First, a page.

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Native state is fortunate trap in the journey of protein to its destination, fibril state

The article by Dr. Basir Ahmad and Dr. Shreya Pramanik is published in Current Protein & Peptide Science, 2018

Bentham Science Publishers


IMAGE: Fig. (1). A Schematic of native and fibril states formation. It highlights the structural and functional differences of the two states. view more 

Credit: Dr. Basir Ahmad et al., Bentham Science Publishers

Within the cell, proteins are continuously formed as linear chains of amino acids using DNA as a template for the sequence. For the protein to become functional, the chain must fold into the low energy 3-dimensional native state. However, the protein can also acquire an alternate aggregated state of lower energy called the fibril state. The fibril state is associated with a number of human diseases like the Alzheimer's disease, Parkinson's disease, type2 diabetes etc.

From a critical analysis of the literature, researchers at UM-DAE Centre for Excellence in Basic Sciences (CEBS), India found that all the folding equilibrium states such as native like state, molten globule, premolten globule or unstructured state have a tendency to associate with other molecules of similar structure to form the fibril state. They also noticed that the amyloid state is the most stable thermodynamic state present in the energy landscape, whereas native state is a metastable state. On the basis of these analyses, they proposed that exposure of relevant peptide sequences/nucleating sites is the requirement for amyloid fibril formation. They also hypothesized that the native State is just a 'fortunate trap' in the Journey of a protein to its destination, the fibrillar state.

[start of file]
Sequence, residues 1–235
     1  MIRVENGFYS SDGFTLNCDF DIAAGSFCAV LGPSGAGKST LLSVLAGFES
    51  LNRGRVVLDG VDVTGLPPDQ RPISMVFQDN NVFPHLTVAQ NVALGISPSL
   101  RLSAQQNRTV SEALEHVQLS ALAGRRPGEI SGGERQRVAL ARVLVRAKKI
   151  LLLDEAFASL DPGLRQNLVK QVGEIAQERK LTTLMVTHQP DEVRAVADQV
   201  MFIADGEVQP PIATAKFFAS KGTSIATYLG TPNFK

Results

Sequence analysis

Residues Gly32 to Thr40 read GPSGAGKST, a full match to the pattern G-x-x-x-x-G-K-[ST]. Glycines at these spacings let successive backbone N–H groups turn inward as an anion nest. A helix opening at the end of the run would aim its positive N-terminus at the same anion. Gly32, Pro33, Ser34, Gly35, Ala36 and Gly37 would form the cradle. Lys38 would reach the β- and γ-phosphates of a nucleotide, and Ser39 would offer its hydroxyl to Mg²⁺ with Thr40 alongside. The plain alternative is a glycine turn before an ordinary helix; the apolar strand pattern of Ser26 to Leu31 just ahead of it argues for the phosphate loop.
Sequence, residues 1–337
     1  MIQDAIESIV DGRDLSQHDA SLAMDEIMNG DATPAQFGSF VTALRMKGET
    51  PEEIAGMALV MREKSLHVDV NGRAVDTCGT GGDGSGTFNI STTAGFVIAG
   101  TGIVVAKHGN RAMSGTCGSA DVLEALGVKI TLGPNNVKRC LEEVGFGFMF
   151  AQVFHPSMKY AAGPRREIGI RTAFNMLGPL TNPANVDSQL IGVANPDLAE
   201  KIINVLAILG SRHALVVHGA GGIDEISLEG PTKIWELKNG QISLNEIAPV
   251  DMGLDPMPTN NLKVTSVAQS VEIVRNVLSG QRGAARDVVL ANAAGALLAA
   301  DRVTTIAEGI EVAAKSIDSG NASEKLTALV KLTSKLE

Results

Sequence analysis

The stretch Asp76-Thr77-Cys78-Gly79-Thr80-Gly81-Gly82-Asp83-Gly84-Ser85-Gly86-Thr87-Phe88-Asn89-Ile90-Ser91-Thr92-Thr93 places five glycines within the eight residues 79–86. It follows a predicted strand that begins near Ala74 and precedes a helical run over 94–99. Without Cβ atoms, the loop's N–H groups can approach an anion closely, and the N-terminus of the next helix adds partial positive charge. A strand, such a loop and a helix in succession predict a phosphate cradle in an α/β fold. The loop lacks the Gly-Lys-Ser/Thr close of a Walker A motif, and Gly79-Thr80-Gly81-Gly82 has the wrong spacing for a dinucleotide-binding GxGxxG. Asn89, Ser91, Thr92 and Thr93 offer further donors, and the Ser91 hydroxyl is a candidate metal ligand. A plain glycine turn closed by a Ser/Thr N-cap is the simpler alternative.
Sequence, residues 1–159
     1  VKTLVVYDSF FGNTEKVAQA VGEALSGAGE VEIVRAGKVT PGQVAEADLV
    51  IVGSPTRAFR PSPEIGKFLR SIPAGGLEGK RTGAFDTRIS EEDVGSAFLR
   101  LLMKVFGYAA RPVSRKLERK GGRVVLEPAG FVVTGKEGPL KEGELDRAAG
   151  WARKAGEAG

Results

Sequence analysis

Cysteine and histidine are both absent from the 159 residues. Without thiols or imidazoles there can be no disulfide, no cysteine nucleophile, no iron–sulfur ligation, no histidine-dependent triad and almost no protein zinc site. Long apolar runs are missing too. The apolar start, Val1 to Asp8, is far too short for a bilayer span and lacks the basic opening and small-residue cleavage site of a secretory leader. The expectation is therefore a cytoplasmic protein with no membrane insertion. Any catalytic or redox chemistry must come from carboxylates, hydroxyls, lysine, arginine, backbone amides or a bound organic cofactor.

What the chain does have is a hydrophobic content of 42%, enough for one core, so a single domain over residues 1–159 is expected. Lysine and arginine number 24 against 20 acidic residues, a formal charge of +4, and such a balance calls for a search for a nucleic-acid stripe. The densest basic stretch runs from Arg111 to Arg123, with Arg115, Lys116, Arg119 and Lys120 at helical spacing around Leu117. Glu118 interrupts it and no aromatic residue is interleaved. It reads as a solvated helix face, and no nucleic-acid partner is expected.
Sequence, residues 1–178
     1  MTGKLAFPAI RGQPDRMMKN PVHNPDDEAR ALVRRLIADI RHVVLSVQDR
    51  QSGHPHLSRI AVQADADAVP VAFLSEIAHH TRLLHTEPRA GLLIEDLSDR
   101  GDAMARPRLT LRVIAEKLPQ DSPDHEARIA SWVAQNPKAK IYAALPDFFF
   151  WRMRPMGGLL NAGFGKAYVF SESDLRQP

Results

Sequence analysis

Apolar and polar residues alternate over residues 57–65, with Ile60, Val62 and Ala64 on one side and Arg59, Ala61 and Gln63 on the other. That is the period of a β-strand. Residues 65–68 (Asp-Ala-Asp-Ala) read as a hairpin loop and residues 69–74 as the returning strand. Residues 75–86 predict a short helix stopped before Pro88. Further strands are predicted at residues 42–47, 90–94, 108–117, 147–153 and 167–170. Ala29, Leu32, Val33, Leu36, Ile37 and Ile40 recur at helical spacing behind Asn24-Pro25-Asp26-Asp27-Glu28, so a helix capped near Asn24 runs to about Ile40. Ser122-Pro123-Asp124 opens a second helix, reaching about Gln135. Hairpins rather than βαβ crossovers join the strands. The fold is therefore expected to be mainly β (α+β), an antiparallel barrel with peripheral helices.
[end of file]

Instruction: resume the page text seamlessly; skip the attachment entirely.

Dr Basir Ahmad, Principal Investigator of the Biophysical Chemistry Lab at CEBS explains

The biologically functional form, 'the native state' and folding intermediate states were found to convert into its primordial ground state, amyloid fibril even under physiological condition through structural fluctuations. If the fibril state is thermodynamically more stable than the native state, then it is only the kinetic barriers that prevent spontaneous folding of proteins into fibril state. So, it seems logical to unify folding and aggregation energy funnel.

However, given the difficulty in the determination of thermodynamic stability of the fibril state due to lack of proper theoretical considerations and methodology, Dr Basir concludes that the idea of a fortunate kinetic trap for the native state is sanguine.


For more information on the study, please visit:

Reference: Ahmad B.; Pramanik S. Exposure of Aggregation-Prone Segments is the Requirement for Amyloid Fibril Formation. Curr Protein Pept Sci. 2018. DOI: 10.2174/1389203719666180521091647

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